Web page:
Foremost among mechanical appliances for this purpose ranks the centrifugal machine, or hydro extractor. In principle this apparatus consists of an upright drum, which can be made to revolve with great velocity on a vertical axle. The drum may have its sides constructed of sheet metal, perforated with a multitude of fine holes, of wire game properly supported, or of basket work, according to the nature of the substances to be treated. The drum, being charged with material, is set in quick rotation. The water present is thus expelled through the perforated sides in the form of a fine shower. This process is exceedingly well adapted for removing the greater part of the moisture from cloth, yam, unspun wool, 4c.; also from crystalline and granular substances. It is not so well adapted for drying wet powders, pastes, etc., since in such cases a very considerable proportion of the solid matter is projected away along with the liquid, so the holes may get choked up. Thus it has not hitherto been found satisfactory for drying sewage mud. Its use requires, further, special niodificntloos where the liquid to useful, or hurtful. matters in solution, A recent very simple improvement has cons;derably extended the use of the hydro extractor.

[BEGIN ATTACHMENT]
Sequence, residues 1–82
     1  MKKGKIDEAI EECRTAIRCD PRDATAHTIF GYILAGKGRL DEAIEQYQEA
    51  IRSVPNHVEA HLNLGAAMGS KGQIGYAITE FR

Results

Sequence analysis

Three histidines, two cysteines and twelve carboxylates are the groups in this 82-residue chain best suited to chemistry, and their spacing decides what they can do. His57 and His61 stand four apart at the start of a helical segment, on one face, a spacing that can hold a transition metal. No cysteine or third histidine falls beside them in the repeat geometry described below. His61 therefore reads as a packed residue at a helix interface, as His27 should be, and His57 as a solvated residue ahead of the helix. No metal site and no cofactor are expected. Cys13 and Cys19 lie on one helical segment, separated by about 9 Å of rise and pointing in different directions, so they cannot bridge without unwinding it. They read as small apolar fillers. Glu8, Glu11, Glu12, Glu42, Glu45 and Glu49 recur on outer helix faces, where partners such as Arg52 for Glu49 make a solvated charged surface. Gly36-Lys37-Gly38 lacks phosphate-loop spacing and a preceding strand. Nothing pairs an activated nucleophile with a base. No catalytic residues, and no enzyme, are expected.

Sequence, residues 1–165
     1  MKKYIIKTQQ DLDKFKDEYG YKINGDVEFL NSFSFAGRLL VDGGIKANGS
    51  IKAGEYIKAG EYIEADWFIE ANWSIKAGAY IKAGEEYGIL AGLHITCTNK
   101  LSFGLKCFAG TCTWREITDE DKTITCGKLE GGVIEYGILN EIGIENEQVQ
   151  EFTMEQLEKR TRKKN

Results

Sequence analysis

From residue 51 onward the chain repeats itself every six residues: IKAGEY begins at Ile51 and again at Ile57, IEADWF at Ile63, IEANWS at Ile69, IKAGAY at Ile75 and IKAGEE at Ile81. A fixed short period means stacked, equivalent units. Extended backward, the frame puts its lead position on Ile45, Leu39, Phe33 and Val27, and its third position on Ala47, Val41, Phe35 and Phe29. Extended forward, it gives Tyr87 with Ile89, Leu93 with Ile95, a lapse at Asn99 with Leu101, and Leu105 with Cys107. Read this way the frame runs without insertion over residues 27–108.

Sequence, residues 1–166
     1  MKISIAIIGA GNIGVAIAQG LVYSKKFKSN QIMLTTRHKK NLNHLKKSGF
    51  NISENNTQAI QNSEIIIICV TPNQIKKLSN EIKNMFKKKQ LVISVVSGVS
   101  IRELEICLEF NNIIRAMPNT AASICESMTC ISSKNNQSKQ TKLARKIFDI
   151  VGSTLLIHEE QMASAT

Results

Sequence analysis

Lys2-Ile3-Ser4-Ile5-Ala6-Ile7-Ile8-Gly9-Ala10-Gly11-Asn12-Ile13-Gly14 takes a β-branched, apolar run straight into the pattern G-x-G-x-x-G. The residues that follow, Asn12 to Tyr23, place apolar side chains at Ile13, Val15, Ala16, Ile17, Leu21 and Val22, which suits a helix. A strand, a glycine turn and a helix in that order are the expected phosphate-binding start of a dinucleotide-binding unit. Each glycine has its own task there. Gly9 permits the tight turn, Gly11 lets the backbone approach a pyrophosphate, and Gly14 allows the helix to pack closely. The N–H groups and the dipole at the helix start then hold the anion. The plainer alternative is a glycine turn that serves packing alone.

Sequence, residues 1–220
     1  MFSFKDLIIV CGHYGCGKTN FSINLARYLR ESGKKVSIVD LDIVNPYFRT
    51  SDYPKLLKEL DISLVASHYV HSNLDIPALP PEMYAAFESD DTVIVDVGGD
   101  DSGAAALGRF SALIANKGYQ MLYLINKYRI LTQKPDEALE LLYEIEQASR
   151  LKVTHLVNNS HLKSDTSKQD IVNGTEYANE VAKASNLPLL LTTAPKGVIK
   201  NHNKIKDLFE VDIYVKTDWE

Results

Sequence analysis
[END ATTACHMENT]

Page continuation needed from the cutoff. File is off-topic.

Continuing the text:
The materials, instead of being put into the drum loose, are inflosed in bags of some suitable material, thus preventing the dispersion of the solids. This method has been very successfully adopted with butter, it must, however, be remembered that no substance, especially if of organic nature, can be rendered absolutely dry by the use of the hydro extractor.